Co-brands between artists and celebrities are all the rage, as evidenced recently by the launch of Justin Timberlake’s relationship with Budweiser and Alicia Keys’s co-brand with Blackberry. At the Forrester Research Marketing Forum April 19, Christopher Swope of Live Nation provided a case study on how artists and brands can work together to deliver results. His discussion focused on how Madonna and Smirnoff, by tapping into shared passions such as dancing and music, generated 1.8 billion media impressions for Smirnoff and helped Madonna undertake the highest grossing tour of 2012.
As Swope pointed out, brands and musicians actually have a long history of working together, examples being Microsoft using the Rolling Stones’s “Start Me Up” to launch Windows 95 and the collaboration between Apple and U2 to cross-promote U2’s “Vertigo” with a special edition iPod. In the best cases, co-brands meet mutually defined goals, and the relationship between Smirnoff and Madonna was one such success.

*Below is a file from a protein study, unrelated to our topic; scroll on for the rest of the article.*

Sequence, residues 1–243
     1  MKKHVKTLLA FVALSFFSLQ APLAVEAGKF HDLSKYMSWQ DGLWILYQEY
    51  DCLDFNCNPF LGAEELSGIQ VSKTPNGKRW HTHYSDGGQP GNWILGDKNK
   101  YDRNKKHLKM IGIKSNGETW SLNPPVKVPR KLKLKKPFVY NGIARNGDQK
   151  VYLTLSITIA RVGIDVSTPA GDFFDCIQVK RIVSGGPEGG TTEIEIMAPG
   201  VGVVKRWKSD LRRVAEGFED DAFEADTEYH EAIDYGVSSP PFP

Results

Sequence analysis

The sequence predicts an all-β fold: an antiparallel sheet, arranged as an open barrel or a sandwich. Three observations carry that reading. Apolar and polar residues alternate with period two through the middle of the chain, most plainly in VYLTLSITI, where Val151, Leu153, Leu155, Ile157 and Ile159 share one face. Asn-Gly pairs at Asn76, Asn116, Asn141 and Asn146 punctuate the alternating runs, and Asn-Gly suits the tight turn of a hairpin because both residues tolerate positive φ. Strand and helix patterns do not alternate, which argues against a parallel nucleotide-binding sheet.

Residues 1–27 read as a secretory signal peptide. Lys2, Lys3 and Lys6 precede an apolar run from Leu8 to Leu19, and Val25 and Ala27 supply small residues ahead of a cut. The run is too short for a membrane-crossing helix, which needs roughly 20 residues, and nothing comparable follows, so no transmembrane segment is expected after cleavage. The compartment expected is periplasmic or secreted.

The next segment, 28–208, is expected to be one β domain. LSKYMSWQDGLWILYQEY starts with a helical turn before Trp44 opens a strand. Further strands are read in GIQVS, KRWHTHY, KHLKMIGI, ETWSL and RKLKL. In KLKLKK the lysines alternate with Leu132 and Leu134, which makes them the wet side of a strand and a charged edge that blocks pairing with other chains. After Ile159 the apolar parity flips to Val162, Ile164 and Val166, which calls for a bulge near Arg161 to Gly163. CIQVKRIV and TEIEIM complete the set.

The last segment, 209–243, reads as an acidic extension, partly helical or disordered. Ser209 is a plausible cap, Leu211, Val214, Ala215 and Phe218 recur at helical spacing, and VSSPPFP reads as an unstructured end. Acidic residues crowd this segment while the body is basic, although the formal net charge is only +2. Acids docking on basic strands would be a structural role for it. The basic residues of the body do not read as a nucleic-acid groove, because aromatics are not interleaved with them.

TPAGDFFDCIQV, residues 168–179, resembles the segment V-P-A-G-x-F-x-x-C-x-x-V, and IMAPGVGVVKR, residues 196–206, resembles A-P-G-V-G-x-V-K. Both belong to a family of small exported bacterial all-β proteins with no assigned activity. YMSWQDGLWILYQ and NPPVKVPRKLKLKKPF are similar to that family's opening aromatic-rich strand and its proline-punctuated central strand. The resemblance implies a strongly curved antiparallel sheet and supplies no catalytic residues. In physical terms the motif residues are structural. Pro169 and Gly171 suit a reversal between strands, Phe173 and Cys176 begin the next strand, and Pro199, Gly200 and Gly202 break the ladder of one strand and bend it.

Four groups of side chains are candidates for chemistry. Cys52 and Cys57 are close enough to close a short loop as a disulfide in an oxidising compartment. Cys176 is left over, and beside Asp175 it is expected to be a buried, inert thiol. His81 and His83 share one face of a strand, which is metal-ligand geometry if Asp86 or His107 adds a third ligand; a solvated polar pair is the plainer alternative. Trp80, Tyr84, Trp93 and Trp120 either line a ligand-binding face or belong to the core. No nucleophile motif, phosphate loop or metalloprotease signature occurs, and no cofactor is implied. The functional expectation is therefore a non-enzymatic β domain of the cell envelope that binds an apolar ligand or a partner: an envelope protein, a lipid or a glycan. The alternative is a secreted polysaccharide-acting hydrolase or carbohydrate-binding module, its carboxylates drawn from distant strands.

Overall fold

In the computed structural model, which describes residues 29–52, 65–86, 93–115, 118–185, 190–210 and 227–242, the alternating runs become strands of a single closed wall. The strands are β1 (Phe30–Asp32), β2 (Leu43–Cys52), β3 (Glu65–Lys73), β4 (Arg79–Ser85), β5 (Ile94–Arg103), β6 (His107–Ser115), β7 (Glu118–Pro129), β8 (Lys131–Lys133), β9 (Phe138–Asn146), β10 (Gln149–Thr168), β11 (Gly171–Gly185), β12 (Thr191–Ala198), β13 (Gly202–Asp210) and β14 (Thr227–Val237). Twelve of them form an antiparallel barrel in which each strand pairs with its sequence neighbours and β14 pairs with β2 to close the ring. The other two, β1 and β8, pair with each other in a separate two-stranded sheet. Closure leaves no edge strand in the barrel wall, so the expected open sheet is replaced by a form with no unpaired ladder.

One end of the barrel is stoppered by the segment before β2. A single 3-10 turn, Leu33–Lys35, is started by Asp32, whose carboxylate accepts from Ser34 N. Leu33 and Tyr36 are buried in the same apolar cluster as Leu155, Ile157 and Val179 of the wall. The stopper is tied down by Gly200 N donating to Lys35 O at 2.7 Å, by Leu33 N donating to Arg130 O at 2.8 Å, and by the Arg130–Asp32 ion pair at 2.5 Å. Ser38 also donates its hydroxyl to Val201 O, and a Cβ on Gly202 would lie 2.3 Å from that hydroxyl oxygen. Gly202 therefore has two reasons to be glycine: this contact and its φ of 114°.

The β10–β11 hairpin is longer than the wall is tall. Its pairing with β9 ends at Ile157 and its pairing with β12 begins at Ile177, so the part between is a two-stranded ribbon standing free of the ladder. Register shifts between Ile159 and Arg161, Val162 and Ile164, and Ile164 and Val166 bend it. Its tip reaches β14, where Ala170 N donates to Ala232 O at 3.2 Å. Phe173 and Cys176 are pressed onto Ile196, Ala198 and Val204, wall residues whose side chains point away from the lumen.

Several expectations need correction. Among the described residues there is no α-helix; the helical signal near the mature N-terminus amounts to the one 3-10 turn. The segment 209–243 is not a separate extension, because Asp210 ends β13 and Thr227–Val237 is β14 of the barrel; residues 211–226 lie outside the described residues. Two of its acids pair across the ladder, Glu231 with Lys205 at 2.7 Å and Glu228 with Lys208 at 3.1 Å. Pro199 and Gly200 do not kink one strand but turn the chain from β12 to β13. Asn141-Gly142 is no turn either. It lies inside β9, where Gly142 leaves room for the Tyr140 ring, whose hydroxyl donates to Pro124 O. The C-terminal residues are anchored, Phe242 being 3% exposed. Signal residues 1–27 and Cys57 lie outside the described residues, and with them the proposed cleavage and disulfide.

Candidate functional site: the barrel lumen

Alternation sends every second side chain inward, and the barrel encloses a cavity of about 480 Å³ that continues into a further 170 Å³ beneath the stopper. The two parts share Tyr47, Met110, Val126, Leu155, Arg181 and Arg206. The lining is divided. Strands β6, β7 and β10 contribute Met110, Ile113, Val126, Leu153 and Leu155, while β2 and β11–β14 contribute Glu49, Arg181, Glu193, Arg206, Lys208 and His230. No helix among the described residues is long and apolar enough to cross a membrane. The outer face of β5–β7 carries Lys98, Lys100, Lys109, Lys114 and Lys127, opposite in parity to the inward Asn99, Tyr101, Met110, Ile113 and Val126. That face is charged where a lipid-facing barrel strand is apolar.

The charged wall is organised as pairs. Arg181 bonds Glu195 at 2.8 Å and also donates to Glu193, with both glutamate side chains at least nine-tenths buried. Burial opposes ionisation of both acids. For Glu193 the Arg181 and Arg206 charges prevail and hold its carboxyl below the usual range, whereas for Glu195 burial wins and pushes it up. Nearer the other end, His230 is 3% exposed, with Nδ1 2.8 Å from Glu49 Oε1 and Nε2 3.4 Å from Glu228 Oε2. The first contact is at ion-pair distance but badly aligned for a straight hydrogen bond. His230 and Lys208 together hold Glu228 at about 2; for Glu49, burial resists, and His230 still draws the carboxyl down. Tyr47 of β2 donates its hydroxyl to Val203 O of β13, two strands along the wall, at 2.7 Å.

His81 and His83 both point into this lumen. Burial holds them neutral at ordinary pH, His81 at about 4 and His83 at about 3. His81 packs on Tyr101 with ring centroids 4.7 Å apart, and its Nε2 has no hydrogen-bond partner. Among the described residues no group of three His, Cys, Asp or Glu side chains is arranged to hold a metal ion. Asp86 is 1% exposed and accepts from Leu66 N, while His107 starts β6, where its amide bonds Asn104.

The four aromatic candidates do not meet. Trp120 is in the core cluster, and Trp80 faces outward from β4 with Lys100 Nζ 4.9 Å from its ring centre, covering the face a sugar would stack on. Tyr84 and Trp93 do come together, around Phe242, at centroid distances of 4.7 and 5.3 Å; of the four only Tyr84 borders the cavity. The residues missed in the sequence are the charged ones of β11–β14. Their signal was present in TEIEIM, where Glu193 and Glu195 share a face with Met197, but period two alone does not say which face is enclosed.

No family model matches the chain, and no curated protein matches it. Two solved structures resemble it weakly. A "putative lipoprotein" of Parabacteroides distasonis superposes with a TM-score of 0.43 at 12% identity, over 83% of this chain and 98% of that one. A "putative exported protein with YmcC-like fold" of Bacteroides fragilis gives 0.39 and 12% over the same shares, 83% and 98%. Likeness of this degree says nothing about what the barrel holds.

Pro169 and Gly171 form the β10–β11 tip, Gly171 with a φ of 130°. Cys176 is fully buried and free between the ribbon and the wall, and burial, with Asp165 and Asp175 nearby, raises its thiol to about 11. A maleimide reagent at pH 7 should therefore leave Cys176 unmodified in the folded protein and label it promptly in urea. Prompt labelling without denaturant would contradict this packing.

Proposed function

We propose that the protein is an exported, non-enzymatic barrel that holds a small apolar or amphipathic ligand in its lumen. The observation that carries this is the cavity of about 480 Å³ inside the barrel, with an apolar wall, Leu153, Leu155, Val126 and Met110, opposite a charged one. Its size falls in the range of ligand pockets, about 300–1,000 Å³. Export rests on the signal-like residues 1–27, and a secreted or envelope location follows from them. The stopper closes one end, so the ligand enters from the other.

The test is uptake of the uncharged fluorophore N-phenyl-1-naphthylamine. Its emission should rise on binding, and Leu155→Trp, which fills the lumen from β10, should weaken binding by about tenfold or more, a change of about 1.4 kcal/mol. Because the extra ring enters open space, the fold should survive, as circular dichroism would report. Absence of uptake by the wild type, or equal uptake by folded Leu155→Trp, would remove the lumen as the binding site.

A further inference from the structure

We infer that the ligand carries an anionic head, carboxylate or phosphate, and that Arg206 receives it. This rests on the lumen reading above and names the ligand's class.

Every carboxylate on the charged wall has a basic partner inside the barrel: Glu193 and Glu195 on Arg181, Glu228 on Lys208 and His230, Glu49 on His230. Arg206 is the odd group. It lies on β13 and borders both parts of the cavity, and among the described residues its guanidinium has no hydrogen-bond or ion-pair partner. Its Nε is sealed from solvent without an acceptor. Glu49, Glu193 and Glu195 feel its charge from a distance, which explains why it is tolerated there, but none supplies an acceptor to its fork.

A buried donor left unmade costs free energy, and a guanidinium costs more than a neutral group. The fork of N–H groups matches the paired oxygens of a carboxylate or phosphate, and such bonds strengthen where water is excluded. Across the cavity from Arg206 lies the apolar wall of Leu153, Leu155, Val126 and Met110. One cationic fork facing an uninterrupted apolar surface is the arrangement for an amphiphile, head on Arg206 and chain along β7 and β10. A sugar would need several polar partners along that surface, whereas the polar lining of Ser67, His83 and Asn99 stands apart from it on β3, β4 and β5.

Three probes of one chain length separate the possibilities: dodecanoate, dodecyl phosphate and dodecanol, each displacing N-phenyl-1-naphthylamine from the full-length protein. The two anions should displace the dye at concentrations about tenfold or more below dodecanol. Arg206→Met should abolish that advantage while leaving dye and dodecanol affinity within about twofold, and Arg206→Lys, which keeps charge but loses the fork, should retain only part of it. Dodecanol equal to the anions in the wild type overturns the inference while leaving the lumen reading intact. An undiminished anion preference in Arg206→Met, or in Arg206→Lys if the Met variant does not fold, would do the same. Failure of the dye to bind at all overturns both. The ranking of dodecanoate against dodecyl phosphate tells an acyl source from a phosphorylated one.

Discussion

The relationship began with a business challenge for Smirnoff: accelerate consumer engagement with the Smirnoff brand on a global level.
“We wanted to find a way to accelerate the growth of the Smirnoff brand and generate engagement,” Swope said. “We wanted to take the brand to the next level and deepen engagement and participation.”
Smirnoff knew its fans are socially savvy. So for Smirnoff, building a brand was less about “let’s sponsor and put our name on it” but rather to generate engagement and deepen relationships with fans.
“When you are giving a dinner party, you worry about the right ingredients — mix of cocktails and people,” he said. “You want to create an experience that deepens relationships. That’s how to think about social.”